The ever-growing tree of life
The 'third domain of life'
Every living thing on this planet belongs to one of three branches on the tree of life. Bacteria make up one branch, while animals, plants and fungi together make up another. Microbiologists have long suspected that the micro-organisms that have been studied in the laboratory are only a tiny fraction of natural microbial diversity.
The third domain of life was discovered in the 1970s. This mysterious group of organisms, the Archaea, remain one of the biggest puzzles in microbiology. Although superficially they look similar to bacteria, in evolutionary terms they couldn’t be more different.
Archaea have been discovered in some of the most hostile environments on the planet, in conditions that would kill other forms of life. Even more strangely, we have yet to find a single species of archaea that causes disease. Archaea have significant roles in aspects of global ecology, and we will explore how widespread and successful these organisms are.
Archaea can be spherical, rod, spiral, lobed, rectangular or irregular in shape. An unusual flat, square-shaped species that live in salty pools have also been discovered. Some exist as single cells, others form filaments or clusters. Until the 1970s this group of microbes was classified as bacteria.
Why does understanding archaea and the ever-growing tree of life matter to microbiology?
According to the ‘three-domains tree’, Eukarya and Archaea are more closely related to each other than they are to Bacteria. Hence, in this tree our closest cousins are the Archaea, a group of micro-organisms once thought to be restricted to anaerobic and other hostile habitats like hot springs and thermal vents in the deep ocean.
Archaea are remarkable objects of investigation due to their exquisitely distinctive biological properties and macromolecules. Archaeal organisms provide unique resources for investigations, to uncover the diversity and complexity of the immune system. More studies on archaea could answer many questions and improve our knowledge about eukaryotic evolution.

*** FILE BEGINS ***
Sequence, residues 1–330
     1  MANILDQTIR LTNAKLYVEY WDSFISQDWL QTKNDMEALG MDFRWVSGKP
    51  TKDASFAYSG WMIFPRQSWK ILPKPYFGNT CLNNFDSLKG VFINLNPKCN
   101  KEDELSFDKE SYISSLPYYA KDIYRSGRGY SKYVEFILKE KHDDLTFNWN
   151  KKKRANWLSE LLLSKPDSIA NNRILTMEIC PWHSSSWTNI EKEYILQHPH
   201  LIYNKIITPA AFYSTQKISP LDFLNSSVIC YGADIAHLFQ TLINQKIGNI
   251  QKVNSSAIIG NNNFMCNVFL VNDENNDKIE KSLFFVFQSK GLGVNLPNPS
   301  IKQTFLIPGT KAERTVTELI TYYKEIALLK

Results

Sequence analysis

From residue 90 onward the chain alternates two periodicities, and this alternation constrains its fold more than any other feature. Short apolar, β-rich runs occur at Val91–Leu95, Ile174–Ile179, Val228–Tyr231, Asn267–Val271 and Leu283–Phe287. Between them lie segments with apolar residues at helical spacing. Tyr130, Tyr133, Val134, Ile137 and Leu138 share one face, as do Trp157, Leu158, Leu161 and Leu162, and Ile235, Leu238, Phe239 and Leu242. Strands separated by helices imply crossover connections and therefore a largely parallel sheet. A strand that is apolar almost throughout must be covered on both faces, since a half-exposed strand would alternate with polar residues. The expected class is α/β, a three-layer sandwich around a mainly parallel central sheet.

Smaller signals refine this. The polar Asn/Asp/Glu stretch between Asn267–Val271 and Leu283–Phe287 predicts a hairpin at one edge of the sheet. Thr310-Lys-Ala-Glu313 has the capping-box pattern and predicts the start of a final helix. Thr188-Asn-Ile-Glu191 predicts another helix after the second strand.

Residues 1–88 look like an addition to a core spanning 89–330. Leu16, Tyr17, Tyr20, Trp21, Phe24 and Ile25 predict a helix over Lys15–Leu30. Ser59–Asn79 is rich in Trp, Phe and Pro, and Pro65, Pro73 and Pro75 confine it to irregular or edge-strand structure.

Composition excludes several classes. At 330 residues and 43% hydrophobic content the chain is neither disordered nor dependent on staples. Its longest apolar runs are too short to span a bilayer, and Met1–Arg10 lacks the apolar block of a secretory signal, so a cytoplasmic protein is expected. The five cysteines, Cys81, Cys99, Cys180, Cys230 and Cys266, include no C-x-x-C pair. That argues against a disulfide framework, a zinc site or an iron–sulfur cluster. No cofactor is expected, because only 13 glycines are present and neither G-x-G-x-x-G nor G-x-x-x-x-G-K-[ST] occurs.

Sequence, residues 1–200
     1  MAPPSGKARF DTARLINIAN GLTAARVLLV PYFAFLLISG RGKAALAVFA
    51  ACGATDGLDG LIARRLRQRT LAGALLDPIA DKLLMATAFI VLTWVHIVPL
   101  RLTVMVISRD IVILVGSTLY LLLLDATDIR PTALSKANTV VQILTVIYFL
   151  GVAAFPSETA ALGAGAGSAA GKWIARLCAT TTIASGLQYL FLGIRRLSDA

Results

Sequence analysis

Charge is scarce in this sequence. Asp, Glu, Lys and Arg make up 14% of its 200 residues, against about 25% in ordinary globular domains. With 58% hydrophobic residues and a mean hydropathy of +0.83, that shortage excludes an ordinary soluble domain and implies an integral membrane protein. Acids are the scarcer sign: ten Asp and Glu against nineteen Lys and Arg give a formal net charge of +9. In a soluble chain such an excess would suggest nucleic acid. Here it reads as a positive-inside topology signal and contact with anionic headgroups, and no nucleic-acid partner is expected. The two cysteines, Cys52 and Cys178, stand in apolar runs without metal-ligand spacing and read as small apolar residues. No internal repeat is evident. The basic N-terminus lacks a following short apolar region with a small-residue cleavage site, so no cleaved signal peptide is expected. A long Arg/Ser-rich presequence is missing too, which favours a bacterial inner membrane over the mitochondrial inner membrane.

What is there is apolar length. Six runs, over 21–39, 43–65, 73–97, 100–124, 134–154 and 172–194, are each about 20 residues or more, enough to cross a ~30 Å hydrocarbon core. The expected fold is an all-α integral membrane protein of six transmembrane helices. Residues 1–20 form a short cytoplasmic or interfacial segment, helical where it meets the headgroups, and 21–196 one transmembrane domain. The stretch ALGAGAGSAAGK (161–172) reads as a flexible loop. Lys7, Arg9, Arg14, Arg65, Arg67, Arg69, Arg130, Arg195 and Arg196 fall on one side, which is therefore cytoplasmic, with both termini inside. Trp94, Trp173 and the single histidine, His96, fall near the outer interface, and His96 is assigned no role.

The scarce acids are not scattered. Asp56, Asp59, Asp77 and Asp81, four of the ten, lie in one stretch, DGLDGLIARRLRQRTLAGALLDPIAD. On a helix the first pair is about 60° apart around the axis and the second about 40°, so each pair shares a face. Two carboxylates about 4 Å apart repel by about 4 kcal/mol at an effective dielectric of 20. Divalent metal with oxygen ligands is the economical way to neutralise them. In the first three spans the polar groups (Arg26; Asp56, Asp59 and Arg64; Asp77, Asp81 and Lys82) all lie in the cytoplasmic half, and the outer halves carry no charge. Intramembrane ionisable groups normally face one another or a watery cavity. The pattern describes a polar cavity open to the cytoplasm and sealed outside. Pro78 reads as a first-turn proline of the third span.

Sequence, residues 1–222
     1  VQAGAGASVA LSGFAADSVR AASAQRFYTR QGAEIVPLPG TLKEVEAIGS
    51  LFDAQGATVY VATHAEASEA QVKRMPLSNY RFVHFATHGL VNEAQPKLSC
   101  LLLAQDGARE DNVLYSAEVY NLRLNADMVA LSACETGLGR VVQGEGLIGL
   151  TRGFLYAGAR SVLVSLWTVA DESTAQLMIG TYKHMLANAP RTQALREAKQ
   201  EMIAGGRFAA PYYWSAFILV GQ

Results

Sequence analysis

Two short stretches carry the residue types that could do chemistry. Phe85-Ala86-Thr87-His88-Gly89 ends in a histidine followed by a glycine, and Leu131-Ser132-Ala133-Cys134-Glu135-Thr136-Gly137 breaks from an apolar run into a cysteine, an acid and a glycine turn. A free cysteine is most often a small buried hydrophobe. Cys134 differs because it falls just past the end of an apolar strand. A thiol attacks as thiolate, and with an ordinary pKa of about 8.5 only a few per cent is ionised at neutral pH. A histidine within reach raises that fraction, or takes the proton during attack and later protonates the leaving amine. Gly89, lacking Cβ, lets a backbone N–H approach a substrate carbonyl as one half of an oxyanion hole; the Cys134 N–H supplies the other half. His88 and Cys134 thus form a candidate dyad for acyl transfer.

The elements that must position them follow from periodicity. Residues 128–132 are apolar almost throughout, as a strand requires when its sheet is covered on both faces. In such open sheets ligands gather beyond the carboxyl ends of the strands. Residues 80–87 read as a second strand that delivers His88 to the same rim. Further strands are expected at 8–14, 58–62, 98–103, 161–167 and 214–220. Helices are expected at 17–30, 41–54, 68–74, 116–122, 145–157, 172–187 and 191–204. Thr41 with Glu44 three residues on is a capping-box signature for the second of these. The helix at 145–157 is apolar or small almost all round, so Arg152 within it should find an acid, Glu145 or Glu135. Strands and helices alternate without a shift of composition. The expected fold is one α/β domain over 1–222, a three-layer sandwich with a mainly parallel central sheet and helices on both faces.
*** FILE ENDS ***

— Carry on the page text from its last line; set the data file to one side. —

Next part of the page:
Read more about why understanding the ever-growing tree of life is important to our members and the wider microbiology community, access our additional resources, and continue to learn more about new frontiers in microbiology, as we explore synthetic biology.
To celebrate our 75th anniversary in 2020, we invited microbiologists to nominate the discovery or event that best showcases why microbiology matters and helps us demonstrate the impact of microbiologists past, present and future. Learn more about the microbiologists who are studying the 'ever-growing tree of life'.
Explore more about the symbiosis that changed the world, how archaeal organisms provide unique resources for investigations and changing views on the tree of life.
Synthetic biology is a field that applies engineering principals, such as mathematical modelling or modularisation, to biological research. One of the technical advances that has significantly increased the ability to undertake synthetic biology, has been to artificially synthesise DNA, in order to create DNA parts.